Why Optometry?

Vision is one of our most valuable senses. As an optometrist, you will make a profound and lasting impact on the lives of your patients. Doctors of optometry do more than care for a person’s eyes—they improve a person’s quality of life.

What Optometrists Do

Optometrists play a vital role in eye care. They are health care professionals licensed by the state to:

  1. Serve as an integral part of the interdisciplinary primary health care team
  2. Perform comprehensive eye exams
  3. Detect and manage eye diseases and disorders of the visual system
  4. Prescribe vision therapy and rehabilitation for conditions affecting the eye, such as eye-movement or eye-tracking problems
  5. Prescribe and provide glasses and contact lenses
  6. And much more…

Job Satisfaction

Our alumni report that helping people see better — whether it is by detecting and successfully treating serious eye diseases or correcting vision with glasses or contacts — is among the most rewarding experience of their lives. The flexibility to work either full-time or part-time allows optometrists to achieve a work-life balance that is rarely matched in other professional careers.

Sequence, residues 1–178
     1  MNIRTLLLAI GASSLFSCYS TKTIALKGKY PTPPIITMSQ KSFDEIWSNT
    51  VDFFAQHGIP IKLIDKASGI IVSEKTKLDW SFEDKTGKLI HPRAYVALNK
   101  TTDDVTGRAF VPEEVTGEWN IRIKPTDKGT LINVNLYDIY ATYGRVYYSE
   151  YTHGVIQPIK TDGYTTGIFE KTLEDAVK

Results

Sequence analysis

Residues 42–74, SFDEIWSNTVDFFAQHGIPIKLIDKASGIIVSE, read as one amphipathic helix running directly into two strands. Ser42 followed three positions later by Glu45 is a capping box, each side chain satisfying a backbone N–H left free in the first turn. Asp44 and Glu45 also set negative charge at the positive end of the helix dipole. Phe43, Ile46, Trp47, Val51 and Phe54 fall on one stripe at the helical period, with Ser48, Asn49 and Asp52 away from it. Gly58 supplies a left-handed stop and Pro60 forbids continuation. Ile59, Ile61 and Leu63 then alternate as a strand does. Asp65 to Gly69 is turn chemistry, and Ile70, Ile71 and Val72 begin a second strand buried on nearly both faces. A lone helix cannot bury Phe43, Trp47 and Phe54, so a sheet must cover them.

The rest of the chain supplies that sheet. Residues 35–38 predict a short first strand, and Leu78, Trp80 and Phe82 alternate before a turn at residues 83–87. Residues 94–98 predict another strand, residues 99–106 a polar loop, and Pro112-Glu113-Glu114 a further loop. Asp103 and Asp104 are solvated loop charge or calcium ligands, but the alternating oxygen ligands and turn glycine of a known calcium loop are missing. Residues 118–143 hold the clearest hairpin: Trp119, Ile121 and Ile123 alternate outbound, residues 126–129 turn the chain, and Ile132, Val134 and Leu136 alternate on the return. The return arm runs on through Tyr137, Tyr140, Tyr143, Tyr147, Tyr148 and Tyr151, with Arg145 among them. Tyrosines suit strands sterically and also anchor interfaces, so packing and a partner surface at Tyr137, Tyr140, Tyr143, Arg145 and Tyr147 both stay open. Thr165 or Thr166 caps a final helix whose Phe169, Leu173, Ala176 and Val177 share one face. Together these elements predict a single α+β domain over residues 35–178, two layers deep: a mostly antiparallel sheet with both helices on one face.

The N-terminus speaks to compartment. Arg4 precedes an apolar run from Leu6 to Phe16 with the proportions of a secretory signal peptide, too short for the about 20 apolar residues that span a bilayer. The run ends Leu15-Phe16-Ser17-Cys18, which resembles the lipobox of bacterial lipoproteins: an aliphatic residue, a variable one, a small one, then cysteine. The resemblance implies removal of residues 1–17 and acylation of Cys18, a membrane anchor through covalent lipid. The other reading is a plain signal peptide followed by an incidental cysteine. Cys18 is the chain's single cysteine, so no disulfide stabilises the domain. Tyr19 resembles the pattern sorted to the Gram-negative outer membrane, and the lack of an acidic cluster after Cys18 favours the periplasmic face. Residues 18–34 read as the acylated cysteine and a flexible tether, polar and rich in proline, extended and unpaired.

Career Opportunities

Optometrists have a variety of career paths. Many choose to join an established practice, or start their own. There are also opportunities to join hospitals, the military, VA medical centers and other health care providers. Some get involved with research—exploring new treatments and cures for eye diseases and other ailments. Others join the faculty at optometry schools; training the next generation of optometrists.

Demand for Optometrists

Demand for optometrists is high and continues to grow. According to the United States Department of Labor, there are currently 40,200 optometry jobs in the U.S., with demand projected to grow 18% over the next eight years.

Earning Power

Optometrists earn competitive salaries. The information in the graph below represents average salaries for three different types of optometry jobs: 1) Private practice owners; 2) ODs working in corporate settings (Costco, Lenscrafters, etc.); and 3) ODs working as employees in a private practice.